Another big change in recent years is that, across all sectors, China is aiming to shift from being a replicating and an industrial market to being a market of origination and invention. Well, innovation comes from creative thinking so fostering that has been given new emphasis. In addition to the grand theatres, the government has also built a lot of new universities dedicated to the arts. They want to invest in the next generation of Chinese of inventors and artists. That’s a major shift.
Add to this the rampant growth of the middle class, who have more disposable income and a growing appetite for entertainment, and it’s easy to see both why the government invests in culture and why that investment is paying off with a booming live entertainment market.
- How did the Chinese fall in love with Broadway musicals?
China Goes Pop! is a unique collaboration between East and West. It’s produced by the government-run China Arts and Entertainment Group (CAEG) and executive produced by the New York-based Broadway Asia International. Broadway Asia co-founder Simone Genatt first met CAEG’s Zhu Ziyi 25 years ago when she tried to pitch Broadway musicals to him. The Chinese market wasn’t ready for Broadway musicals then but quite a lot has changed since, as she explains here…
“I came to China 25 years ago to pitch Broadway musicals. That’s when I first met Zhu Ziyi at the China Performing Arts Agency [which merged in 2004 with China International Exhibition Agency to become Chinese Arts and Entertainment Group (CAEG), the country’s largest state-owned creative enterprise]. When I pitched Broadway musicals to Zhu back then, he said, are you crazy?! At that time, his view was that the market wasn’t ready because Broadway musicals were expensive productions, with tickets costing too much for most Chinese to afford, and audiences had no habit of attending.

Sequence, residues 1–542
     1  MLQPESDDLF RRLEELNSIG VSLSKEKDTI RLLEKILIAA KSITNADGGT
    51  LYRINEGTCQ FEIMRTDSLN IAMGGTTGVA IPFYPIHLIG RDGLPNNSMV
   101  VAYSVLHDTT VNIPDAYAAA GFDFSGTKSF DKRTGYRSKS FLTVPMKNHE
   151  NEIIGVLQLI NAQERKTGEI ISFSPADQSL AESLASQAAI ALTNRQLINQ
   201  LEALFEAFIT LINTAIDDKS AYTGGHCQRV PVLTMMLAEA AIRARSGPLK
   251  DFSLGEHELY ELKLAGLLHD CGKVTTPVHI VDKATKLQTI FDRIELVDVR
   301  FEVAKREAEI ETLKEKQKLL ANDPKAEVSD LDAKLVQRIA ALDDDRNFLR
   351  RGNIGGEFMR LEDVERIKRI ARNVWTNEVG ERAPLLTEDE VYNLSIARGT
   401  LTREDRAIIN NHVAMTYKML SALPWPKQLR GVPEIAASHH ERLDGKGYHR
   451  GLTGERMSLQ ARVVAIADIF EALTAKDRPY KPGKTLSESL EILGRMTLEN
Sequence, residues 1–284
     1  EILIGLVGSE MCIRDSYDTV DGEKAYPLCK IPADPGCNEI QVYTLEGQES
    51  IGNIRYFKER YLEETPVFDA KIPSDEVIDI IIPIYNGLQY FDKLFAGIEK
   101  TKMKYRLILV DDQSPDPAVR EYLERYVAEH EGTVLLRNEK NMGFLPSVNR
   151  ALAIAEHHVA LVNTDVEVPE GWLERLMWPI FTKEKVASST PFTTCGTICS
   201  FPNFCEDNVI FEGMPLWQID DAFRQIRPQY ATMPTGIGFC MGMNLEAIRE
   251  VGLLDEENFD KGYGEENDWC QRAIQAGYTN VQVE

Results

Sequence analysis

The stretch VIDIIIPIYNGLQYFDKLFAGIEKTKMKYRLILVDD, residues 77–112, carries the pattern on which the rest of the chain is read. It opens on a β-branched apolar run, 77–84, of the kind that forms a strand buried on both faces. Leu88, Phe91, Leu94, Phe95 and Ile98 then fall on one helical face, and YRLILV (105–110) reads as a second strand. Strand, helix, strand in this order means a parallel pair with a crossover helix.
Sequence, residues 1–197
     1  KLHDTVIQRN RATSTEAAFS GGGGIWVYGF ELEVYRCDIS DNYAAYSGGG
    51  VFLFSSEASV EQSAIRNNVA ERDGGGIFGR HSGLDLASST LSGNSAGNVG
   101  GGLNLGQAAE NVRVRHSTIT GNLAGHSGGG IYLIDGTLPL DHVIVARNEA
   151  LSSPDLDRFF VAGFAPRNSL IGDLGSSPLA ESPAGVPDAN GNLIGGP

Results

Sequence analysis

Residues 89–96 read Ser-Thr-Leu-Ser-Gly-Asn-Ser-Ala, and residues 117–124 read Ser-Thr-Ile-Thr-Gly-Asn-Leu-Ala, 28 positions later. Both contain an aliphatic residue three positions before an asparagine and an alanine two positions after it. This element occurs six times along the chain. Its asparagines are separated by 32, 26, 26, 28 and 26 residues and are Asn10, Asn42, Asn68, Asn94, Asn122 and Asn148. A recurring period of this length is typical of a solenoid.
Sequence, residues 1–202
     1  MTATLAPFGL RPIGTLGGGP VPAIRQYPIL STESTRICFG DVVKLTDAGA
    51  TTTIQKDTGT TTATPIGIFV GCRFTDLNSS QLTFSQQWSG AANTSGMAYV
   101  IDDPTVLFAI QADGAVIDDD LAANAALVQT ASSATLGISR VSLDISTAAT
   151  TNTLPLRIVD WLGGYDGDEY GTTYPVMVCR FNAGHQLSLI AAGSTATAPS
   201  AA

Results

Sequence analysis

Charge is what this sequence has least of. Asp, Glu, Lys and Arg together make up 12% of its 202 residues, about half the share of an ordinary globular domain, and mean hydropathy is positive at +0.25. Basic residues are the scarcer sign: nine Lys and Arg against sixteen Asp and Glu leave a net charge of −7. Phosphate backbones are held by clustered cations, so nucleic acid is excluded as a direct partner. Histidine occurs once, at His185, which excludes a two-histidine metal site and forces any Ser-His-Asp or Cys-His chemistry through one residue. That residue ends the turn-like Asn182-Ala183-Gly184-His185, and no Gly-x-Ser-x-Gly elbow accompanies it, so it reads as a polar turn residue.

“But in the intervening years, the market in China has developed very fast – and, I can tell you, the Chinese love Broadway musicals.
“The first thing they know are the movie musicals, especially The Sound of Music. In the mid-Eighties in the Chinese school system, two pieces were chosen to educate students about American culture: one was Death of a Salesman, to show the destruction of the American Dream, and the second, to exemplify the beauty of American culture, was The Sound of Music. Young people were all taught to sing ‘Do-Re-Mi’.
“Broadway Asia controls the rights to The Sound of Music in China. For the first ten years, we did English-language productions and now we have a full Chinese production that continuously moves around the marketplace. It remains incredibly popular.
“But The Sound of Music aside, there has been a huge arc of growth in musicals generally in China. As China has opened up to the West, musicals have been welcomed and embraced. Broadway and West End musicals are a representation of the best of our culture but – and this is so important – they’re not about politics. There is still censorship in China, of course. Broadway Asia has now done 30 musicals in 45 Chinese cities, and we’ve had to censor some of them, making changes to work within the system. That makes sense – it’s their country, we’re just visitors and we have to play by the rules.